Mayonnaise binds the South together. Without it we are without pimento cheese, deviled eggs, summertime tomato sandwiches, potato salad, coleslaw, and ranch dressing; without it we are without our selves.
But Southerners’ love for mayo is not as simple as the paperback romance novels you may find in the next aisle. There are as many different brands of this consecrated condiment, this inviolable ingredient, as there are SEC football teams, and the passion they invoke is similarly inflamed. Perhaps your Aunt Gladys Jewel swears that only Duke’s will give her chocolate cake its mystical moist texture; maybe Blue Plate was what your grandfather smeared on his sandwiches after work. In a world ruled by chaos, more so than ever, a jar of mayonnaise in the fridge may be one of the few comforting constants to count.
And thus, we give you our guide to mayonnaise brands, Southern-born or not. Weather you believe by one brand’s power, have converted to another’s, or remain agnostic on the subject, knowledge is power.
More from Southern Living
Duke’s Mayonnaise: Born of a Eugenia Duke’s enterprising spirit in the 1920s, this Southern staple was created to prepare pimento cheese and egg salad sandwiches for hungry soldiers training at Camp Sevier in Greenville, South Carolina. Mrs. Duke’s mayonnaise recipe became so beloved that she quickly sold her sandwich business and focused her attention on producing mayo. We argue that it has the most balanced flavor making it the perfect canvas, and it’s devoted disciples would agree. From North Carolina illustrator Emily Wallace’s renderings to a collection of people who have tattooed the iconic tub on their bodies, this label’s colors don’t run.
Hellmann’s Mayonnaise: While Duke’s may have a majority of our Test Kitchen’s favor, we still have many a ride-or-die Hellmann’s user in our midst. Perhaps the most famous of all mayo brands, this version is a touch tangier, akin to a milder Miracle Whip. Although it has been the object of controversy in recent times for perhaps changing the viscosity of their recipe, it still remains a classic.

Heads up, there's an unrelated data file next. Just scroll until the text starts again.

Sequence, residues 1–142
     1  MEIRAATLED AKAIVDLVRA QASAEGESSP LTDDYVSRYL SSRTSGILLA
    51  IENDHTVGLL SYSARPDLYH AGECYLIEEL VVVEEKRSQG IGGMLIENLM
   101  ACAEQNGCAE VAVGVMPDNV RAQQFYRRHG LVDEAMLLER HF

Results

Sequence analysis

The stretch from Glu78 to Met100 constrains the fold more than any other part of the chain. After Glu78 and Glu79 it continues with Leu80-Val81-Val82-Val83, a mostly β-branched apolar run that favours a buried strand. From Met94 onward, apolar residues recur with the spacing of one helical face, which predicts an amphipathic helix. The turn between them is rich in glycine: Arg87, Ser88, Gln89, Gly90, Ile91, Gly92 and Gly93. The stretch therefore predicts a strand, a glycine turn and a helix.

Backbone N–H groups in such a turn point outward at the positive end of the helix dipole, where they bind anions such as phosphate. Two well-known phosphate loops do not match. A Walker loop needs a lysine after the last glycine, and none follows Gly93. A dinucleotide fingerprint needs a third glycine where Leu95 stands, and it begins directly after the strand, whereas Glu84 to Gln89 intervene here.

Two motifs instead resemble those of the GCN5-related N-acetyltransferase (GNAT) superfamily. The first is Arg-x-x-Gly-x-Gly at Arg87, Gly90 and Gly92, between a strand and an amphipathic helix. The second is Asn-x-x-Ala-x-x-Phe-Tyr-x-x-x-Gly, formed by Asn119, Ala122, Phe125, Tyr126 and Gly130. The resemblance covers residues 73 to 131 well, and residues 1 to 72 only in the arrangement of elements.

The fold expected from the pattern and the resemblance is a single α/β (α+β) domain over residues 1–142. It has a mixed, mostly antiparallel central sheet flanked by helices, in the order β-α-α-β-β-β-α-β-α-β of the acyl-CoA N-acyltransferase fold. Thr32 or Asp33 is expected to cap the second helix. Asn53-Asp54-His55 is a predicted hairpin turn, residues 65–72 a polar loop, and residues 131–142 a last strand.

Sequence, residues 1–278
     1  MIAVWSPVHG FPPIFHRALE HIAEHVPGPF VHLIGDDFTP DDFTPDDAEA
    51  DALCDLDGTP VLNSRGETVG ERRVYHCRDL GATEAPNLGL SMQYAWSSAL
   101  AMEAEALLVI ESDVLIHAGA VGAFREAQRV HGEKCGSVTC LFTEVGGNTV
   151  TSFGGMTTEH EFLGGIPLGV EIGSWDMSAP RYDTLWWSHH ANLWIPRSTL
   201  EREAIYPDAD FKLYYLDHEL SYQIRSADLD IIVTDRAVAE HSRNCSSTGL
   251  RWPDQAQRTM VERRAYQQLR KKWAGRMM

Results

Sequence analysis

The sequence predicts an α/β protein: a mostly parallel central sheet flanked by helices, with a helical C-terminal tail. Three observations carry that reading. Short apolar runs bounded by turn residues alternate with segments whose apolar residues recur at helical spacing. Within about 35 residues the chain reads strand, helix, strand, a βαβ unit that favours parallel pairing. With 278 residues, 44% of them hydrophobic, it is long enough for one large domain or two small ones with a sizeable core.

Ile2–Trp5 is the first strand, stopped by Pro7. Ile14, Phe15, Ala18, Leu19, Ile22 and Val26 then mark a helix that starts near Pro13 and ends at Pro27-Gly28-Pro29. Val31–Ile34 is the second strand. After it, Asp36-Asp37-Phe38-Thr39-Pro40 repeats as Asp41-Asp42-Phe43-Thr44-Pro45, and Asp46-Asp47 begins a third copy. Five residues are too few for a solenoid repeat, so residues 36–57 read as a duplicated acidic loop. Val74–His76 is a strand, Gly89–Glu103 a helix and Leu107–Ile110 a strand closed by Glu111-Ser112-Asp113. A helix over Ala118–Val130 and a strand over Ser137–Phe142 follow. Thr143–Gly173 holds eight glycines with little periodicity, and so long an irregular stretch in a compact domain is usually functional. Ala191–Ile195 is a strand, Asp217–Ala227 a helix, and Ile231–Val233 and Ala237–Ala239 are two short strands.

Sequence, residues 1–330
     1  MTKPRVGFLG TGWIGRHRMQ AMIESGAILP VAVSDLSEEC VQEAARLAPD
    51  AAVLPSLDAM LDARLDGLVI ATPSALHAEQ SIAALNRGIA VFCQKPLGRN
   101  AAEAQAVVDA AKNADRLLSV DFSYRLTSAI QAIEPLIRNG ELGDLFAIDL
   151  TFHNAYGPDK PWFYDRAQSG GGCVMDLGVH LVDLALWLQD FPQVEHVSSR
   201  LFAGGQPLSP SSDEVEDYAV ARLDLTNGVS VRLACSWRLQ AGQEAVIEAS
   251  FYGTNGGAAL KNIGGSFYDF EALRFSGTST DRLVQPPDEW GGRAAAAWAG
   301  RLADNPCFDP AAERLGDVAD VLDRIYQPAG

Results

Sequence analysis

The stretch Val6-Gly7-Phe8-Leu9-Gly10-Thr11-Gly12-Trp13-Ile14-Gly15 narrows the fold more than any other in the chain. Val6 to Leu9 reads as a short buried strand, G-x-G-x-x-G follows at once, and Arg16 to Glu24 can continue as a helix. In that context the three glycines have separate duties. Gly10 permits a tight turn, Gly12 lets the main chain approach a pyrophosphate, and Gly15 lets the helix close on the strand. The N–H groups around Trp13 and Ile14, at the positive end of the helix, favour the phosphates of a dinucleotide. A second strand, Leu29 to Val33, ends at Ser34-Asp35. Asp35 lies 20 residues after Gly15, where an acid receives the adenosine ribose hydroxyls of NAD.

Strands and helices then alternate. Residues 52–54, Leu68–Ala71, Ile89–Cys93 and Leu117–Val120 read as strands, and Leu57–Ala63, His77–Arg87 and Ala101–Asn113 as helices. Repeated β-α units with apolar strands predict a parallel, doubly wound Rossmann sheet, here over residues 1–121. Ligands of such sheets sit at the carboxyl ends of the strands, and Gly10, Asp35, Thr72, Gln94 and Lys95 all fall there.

Blue Plate Mayonnaise: Like there is no other city like New Orleans, there is no other mayo like Blue Plate. Born across the river in Gretna, home to brands like Zatarain’s, Blue Plate has a cult following and appears in select grocery stores outside of Louisiana, but it has one ingredient that does not appear in some mayo brands: sugar. Although it gives Blue Plate a smidge of sweetness, it works as a counterpoint in savory recipes like chicken salad.
Bama Mayonnaise: The most beloved mayonnaise you’ve never heard of, Bama has a loyal legion in Alabama and Mississippi where it’s still the most popular brand, although it’s also sold in over 20 countries. Some of our staffers say it’s also on the sweet side; others say it has more pronounced lemon flavor.
Mrs. Filbert’s Mayonnaise: A Virginia export, Mrs. Filbert’s mayonnaise, like its advertisement that ran in national newspapers in 1958 says, is a more delicate, lighter spread. The company also claimed to use aged apple cider vinegar and a collection of imported spices to add “special zest and bouquet.” Whether or not that is still the case, it still claims a spot in the Southern pantry.
Just Mayo: With the strongest citrus flavor, Just Mayo has been the new kid on the shelf, but became a favorite for its thickness, which can stand up to the juiciest heirloom tomato.
Kraft Real Mayo: Not to be dismissed, this mass market mayo has one of the more complex ingredient lists with a subtle background of garlic and onion.
Did we leave out your favorite? We have a sneaky suspicion you’ll let us know.